Secrets of E-Success

By Christopher M. Leporini, REALTOR® Magazine

Terri Murphy’s E-Listing and E-Selling Secrets for the Technologically Clueless, 2nd Ed. By Terri Murphy (Real Estate Education Company) 235 pp., $25.45
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Terri Murphy’s E-Listing and E-Selling Secrets
offers solace to technophobes and online neophytes uncertain how to incorporate the Internet into their business strategy. The introductory-level book instructs real estate professionals on how to use the Internet to prospect, build their brand, and provide better customer service.

The book includes step-by-step instructions on basics such as setting up your e-mail, choosing an Internet service provider, and understanding netiquette. It also addresses more advanced concepts, such as selecting content to maximize your Web site’s effectiveness. The book’s “Tech Tips,” concisely reinforce must-have information throughout the book. Additionally, the book includes appendixes containing suggestions for data backup and sample e-newsletters.

Author Terri Murphy, GRI, CRS, has sold real estate for more than 20 years and is a speaker and consultant on real estate and technology issues. She also is the author of Terri Murphy’s Listing and Selling Secrets: How to Become a Million $ Producer.

Tips for Real Estate Professionals

  • Use your domain to brand “Your” Selecting your name as a domain makes it easier for past or potential customers to remember your URL. “For personal branding and marketing reasons, your own name should be your domain name,” Murphy writes. “Your domain name becomes the basis for both your e-mail and Web addresses, and is how people will find you on the Internet.” For instance, Murphy’s Web site is and her e-mail is Don’t forget to include your e-mail and Web site URL on business cards and marketing materials.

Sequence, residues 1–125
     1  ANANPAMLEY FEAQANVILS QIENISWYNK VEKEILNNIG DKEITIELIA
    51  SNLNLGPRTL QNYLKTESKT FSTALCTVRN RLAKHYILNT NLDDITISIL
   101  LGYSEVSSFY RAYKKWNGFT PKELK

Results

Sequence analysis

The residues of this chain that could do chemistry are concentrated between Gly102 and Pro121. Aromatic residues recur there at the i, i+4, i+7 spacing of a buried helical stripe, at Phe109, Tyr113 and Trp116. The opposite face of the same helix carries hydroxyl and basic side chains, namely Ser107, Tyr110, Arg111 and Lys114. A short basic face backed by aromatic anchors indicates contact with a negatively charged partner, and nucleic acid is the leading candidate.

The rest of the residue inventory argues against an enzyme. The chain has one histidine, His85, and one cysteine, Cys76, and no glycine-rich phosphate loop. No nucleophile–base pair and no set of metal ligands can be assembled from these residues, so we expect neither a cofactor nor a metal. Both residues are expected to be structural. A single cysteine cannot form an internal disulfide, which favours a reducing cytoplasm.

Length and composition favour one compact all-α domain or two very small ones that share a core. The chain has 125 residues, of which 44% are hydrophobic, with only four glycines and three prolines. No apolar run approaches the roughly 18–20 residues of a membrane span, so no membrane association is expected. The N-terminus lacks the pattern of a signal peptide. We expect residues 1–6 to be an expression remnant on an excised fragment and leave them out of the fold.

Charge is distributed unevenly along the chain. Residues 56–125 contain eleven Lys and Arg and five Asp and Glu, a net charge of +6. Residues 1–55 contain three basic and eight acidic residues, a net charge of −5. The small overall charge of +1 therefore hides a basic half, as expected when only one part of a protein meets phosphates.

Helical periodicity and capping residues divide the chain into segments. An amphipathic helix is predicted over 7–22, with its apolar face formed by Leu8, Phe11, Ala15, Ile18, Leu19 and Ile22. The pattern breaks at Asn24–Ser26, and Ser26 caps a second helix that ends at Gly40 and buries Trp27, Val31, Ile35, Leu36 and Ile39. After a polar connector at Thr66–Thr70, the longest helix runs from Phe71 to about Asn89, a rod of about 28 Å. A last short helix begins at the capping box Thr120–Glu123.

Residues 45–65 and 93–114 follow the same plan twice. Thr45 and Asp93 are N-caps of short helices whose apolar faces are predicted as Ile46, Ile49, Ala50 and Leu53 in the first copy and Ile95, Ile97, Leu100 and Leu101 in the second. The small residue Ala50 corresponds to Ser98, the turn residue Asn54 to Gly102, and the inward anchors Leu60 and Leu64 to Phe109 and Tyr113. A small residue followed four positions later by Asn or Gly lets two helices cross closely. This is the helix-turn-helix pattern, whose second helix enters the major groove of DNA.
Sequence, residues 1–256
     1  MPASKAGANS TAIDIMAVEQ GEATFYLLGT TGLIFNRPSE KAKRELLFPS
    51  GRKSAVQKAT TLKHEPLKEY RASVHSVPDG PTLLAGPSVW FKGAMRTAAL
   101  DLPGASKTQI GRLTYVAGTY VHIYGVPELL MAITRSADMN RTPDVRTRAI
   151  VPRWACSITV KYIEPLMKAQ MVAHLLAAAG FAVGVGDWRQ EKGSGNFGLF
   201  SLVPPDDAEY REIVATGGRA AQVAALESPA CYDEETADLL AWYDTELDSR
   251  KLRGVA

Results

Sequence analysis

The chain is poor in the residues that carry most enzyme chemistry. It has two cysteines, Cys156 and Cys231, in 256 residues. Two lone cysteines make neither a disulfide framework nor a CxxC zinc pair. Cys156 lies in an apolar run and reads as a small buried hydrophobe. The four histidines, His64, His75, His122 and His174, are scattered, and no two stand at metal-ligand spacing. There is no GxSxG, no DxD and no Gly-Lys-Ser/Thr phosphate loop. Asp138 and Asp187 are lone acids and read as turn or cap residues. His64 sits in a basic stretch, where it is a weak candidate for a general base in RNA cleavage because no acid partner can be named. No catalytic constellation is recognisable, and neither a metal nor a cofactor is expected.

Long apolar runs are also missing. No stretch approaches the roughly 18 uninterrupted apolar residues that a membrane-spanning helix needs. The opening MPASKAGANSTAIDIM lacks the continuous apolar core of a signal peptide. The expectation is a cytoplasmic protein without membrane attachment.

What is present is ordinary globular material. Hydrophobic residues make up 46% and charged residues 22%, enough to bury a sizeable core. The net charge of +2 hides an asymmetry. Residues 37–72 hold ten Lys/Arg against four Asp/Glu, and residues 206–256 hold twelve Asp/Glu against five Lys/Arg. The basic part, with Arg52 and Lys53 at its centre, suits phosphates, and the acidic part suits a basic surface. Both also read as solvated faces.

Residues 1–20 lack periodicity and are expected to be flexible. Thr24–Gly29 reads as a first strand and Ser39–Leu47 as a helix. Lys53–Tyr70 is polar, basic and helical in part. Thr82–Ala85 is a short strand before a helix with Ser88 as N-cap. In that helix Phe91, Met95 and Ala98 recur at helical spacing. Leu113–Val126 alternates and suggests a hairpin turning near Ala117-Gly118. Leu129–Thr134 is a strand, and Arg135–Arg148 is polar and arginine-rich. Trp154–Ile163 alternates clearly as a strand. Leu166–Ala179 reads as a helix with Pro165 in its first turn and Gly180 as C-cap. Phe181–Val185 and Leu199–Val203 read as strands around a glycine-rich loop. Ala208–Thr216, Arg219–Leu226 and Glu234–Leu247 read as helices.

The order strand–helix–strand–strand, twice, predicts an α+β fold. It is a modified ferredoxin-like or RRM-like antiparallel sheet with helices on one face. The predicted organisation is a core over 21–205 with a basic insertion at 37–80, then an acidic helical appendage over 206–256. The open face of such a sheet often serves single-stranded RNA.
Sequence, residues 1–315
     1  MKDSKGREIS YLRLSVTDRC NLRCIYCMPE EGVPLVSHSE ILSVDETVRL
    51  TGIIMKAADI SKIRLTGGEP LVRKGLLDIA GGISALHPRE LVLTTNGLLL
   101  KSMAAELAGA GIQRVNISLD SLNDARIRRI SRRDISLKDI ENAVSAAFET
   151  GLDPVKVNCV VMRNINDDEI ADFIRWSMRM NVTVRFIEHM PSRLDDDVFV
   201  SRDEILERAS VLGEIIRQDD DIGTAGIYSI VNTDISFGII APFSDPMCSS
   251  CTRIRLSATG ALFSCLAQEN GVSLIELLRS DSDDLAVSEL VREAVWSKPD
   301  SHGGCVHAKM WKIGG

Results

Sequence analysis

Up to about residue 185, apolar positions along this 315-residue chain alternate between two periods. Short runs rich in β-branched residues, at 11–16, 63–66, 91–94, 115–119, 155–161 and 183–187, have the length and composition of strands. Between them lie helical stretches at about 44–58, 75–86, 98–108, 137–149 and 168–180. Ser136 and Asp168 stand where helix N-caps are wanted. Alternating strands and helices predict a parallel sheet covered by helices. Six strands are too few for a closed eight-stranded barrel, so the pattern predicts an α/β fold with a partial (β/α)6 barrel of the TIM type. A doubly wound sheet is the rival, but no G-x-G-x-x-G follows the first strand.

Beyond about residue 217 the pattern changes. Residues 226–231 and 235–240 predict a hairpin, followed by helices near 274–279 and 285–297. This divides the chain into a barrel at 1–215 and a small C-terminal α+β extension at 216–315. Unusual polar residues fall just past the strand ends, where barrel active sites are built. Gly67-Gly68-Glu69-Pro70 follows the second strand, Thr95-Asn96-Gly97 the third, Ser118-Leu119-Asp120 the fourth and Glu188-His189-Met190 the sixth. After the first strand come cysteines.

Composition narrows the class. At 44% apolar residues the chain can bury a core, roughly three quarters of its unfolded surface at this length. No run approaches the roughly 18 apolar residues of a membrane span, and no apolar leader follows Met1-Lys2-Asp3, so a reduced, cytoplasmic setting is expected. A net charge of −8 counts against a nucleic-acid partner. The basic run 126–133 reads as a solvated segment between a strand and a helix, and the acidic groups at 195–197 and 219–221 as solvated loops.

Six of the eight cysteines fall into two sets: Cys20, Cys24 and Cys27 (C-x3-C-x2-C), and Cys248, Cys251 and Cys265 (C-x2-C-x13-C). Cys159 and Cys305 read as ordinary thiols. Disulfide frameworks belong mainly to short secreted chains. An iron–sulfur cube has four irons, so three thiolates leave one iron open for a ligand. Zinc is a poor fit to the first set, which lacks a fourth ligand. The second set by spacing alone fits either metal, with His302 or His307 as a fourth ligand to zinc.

• Encourage regular visits to your Web site with renewable content. Consider what types of information might appeal to your customer base. Content such as links to sites on home improvement, schools, weather, financial information, and demographics can keep customers coming back. This is essential for today’s information-hungry consumer. “Helping direct your clients and customers to the information and services they may need creates a ‘need’ to be part of their real estate transactions,” writes Murphy.
  • Organize e-mails into electronic folders for each transaction. Your e-mail inbox can quickly grow unwieldy without proper management. Separate electronic folders for individual prospects and clients not only cut clutter, but speed retrieving relevant correspondence. You might even mention to prospects at listing presentations that you will maintain an electric folder for all communications and leads relating to their transactions, Murphy suggests.
  • Build long-lasting relationships using permission marketing. Keep a contact database to manage your data-mining efforts. Ask past clients or customers’ permission to send them information as it becomes available. E-newsletters present a great online permission-marketing tool, says Murphy. Creating a listserve can help you to dispense an e-newsletter containing useful information—for instance about a neighborhood school issue, tax referendum, or neighborhood watch—to customers at minimum expense and time.
  • Maintain a password list. It might sound obvious, but forgetting or confusing your passwords for access to your MLS, ISP, lock box access, e-mail, or company directory can create headaches. Murphy recommends keeping a “black book” of all your passwords, remembering that many passwords are case sensitive.

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This post was contributed exclusively for REALTOR® Magazine.

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